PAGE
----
41.111 The Inquiry has not proceeded to a firm recommendation on the basis that the science in this area is still in an early phase and will develop rapidly in coming years. If in future law enforcement authorities wish to go beyond mere DNA identification number construction to utilise genetic technology to determine health status or behavioural traits, this would require considerable public consultation and fresh community agreement.

[89] Except in so far as the laboratories analyse the chromosomes to determine the person’s sex.

[90] Commonwealth of Australia, Parliamentary Debates, House of Representatives, 26 March 2001, 25635 (The Hon Daryl Williams – Attorney General).

[91] D Concar, Fingerprint Fear, New Scientist, <>, 19 February 2003, cited in Office of the Federal Privacy Commissioner, Submission G143, 22 March 2002.

[92] See R van Oorschot and others, ‘Beyond DNA Databases: Physical Identification Using DNA’ (Paper presented at DNA Evidence: Prosecuting Under the Microscope International Conference, Adelaide, 10 September 2001).

[93] Human Genetics Commission, Inside Information: Balancing Interests in the Use of Personal Genetic Data (2002), London, 155.

[94] For example, by the Queensland University of Technology’s Research Centre for Diagnostics.

[95] Human Genetics Commission, Inside Information: Balancing Interests in the Use of Personal Genetic Data (2002), London, 156.

[96] Advisory Committee members, Advisory Committee meeting, 29 November 2001.

[97] Australian Law Reform Commission and Australian Health Ethics Committee, Protection of Human Genetic Information, DP 66 (2002), ALRC, Sydney, Proposal 36–8.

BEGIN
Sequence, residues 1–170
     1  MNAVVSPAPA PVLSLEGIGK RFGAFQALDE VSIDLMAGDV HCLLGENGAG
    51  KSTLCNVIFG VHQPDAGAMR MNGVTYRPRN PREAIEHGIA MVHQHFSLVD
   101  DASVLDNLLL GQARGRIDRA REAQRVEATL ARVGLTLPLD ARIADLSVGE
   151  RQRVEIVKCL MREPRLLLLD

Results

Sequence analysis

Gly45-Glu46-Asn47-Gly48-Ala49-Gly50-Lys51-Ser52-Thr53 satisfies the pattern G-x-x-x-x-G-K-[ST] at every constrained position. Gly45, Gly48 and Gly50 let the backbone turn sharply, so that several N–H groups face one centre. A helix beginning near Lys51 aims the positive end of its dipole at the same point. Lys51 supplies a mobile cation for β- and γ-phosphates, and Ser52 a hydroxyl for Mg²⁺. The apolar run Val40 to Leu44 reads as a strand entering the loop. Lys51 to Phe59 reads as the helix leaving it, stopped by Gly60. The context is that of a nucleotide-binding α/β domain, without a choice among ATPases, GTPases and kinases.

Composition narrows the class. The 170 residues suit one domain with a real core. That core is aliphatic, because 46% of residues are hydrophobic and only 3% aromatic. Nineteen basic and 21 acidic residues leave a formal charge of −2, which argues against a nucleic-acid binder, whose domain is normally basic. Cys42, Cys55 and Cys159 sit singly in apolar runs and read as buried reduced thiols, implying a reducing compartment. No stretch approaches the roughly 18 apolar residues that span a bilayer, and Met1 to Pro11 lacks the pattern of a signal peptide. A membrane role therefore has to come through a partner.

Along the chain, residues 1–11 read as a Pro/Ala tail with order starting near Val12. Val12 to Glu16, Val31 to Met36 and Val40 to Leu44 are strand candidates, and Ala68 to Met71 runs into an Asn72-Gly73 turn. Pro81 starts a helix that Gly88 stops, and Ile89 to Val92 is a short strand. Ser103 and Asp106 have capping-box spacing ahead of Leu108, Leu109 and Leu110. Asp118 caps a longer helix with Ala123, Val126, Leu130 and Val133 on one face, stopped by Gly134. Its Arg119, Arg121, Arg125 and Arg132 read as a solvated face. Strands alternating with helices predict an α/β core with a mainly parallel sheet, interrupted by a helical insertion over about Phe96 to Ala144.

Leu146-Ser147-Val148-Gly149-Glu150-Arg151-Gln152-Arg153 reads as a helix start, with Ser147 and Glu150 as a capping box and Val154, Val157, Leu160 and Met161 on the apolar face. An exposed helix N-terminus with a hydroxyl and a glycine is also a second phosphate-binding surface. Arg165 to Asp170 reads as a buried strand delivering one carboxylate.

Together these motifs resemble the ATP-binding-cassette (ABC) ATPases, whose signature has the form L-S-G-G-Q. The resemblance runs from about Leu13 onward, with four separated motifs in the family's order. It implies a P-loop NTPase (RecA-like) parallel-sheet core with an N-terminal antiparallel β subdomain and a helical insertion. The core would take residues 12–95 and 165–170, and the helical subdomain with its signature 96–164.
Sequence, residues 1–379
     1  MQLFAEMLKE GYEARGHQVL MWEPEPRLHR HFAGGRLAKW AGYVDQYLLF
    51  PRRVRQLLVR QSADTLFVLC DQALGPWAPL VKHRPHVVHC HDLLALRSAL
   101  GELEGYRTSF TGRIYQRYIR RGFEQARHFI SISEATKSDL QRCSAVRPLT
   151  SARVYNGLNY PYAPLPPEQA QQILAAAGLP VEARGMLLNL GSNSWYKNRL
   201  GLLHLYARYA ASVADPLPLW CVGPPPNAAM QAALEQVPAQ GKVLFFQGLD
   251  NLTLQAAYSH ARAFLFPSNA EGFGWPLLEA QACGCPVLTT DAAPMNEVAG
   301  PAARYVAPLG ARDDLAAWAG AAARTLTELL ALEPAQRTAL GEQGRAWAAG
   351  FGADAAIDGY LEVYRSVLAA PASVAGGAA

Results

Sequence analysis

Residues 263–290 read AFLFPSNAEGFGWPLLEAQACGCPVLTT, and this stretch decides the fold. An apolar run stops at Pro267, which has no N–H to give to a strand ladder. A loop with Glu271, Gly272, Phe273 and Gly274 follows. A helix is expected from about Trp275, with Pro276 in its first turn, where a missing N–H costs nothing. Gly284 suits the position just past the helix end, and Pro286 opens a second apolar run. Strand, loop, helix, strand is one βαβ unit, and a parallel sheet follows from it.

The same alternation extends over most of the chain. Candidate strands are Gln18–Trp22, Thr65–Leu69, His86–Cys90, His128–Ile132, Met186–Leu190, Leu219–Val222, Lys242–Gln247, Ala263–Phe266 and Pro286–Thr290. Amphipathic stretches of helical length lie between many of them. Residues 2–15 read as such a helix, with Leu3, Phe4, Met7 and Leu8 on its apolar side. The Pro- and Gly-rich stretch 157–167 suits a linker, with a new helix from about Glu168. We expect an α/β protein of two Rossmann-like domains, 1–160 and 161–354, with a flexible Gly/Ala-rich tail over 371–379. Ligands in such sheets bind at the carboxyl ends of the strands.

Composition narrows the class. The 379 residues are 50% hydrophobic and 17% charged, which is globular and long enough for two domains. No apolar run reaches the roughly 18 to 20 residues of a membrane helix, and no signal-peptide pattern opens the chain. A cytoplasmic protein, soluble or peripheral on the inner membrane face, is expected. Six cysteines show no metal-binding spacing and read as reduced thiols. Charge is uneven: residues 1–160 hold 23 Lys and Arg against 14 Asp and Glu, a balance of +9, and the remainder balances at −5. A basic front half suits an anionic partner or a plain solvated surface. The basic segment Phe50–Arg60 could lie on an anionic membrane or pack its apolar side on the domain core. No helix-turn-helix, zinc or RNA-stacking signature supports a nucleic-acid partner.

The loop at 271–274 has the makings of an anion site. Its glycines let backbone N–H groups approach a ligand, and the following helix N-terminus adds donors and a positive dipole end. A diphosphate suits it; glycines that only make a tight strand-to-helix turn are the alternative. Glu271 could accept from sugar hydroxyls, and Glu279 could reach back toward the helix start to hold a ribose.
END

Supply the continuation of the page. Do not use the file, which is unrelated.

[98] Office of the Privacy Commissioner (NSW), Submission G257, 20 December 2002; Institute of Actuaries of Australia, Submission G224, 29 November 2002; Centre for Genetics Education, Submission G232, 18 December 2002; Human Genetics Society of Australasia, Submission G050, 14 January 2002; New South Wales Health Department, Submission G092, 25 January 2002; Liberty Victoria, Consultation, Melbourne, 23 October 2002; Centre for Law and Genetics, Submission G255, 21 December 2002; National Legal Aid, Submission G314, 19 February 2003; Office of the Federal Privacy Commissioner, Submission G294, 6 January 2003; Law Institute of Victoria, Submission G275, 19 December 2002; Association of Genetic Support of Australasia, Submission G284, 25 December 2002.

[99] Commonwealth Attorney-General’s Department, Submission G228, 12 December 2002.

[100] Office of the Federal Privacy Commissioner, Submission G294, 6 January 2003.

[101] J Gans, Submission to the Victorian Parliament Law Reform Committee’s Inquiry into Forensic Sampling and the Use of DNA Databases in Criminal Investigations (2002), 5.

[102] NSW Police Service, Submission G306, 22 January 2003.

[103] Victoria Police, Submission G203, 29 November 2002.

[104] Human Genetics Commission, Inside Information: Balancing Interests in the Use of Personal Genetic Data (2002), London, 156–157.